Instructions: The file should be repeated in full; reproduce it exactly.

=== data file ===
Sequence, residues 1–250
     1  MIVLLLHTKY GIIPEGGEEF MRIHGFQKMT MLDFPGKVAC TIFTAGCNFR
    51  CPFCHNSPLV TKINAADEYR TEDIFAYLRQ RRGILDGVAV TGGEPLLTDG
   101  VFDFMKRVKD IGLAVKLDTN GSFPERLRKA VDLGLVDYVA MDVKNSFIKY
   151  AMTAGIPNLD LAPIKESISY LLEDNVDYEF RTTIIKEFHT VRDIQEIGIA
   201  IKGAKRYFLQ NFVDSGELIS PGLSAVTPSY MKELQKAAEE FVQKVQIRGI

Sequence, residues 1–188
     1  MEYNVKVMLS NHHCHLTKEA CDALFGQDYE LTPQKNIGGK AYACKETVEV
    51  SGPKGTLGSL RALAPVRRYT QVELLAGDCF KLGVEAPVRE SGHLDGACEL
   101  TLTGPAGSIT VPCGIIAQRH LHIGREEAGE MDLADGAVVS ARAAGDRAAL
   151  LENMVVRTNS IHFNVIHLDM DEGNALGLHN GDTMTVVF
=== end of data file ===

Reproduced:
Sequence, residues 1–250
     1  MIVLLLHTKY GIIPEGGEEF MRIHGFQKMT MLDFPGKVAC TIFTAGCNFR
    51  CPFCHNSPLV TKINAADEYR TEDIFAYLRQ RRGILDGVAV TGGEPLLTDG
   101  VFDFMKRVKD IGLAVKLDTN GSFPERLRKA VDLGLVDYVA MDVKNSFIKY
   151  AMTAGIPNLD LAPIKESISY LLEDNVDYEF RTTIIKEFHT VRDIQEIGIA
   201  IKGAKRYFLQ NFVDSGELIS PGLSAVTPSY MKELQKAAEE FVQKVQIRGI

Sequence, residues 1–188
     1  MEYNVKVMLS NHHCHLTKEA CDALFGQDYE LTPQKNIGGK AYACKETVEV
    51  SGPKGTLGSL RALAPVRRYT QVELLAGDCF KLGVEAPVRE SGHLDGACEL
   101  TLTGPAGSIT VPCGIIAQRH LHIGREEAGE MDLADGAVVS ARAAGDRAAL
   151  LENMVVRTNS IHFNVIHLDM DEGNALGLHN GDTMTVVF